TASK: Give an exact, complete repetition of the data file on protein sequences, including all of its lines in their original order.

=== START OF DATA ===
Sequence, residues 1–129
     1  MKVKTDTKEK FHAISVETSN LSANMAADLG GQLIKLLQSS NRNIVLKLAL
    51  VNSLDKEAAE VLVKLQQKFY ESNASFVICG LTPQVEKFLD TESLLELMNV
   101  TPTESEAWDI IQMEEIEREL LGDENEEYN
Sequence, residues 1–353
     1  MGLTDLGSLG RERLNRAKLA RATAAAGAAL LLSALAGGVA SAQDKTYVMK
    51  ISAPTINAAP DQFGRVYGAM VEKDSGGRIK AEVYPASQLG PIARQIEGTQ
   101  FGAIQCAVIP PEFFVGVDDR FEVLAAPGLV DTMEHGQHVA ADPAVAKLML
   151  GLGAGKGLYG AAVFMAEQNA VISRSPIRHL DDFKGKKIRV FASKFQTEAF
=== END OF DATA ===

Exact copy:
Sequence, residues 1–129
     1  MKVKTDTKEK FHAISVETSN LSANMAADLG GQLIKLLQSS NRNIVLKLAL
    51  VNSLDKEAAE VLVKLQQKFY ESNASFVICG LTPQVEKFLD TESLLELMNV
   101  TPTESEAWDI IQMEEIEREL LGDENEEYN
Sequence, residues 1–353
     1  MGLTDLGSLG RERLNRAKLA RATAAAGAAL LLSALAGGVA SAQDKTYVMK
    51  ISAPTINAAP DQFGRVYGAM VEKDSGGRIK AEVYPASQLG PIARQIEGTQ
   101  FGAIQCAVIP PEFFVGVDDR FEVLAAPGLV DTMEHGQHVA ADPAVAKLML
   151  GLGAGKGLYG AAVFMAEQNA VISRSPIRHL DDFKGKKIRV FASKFQTEAF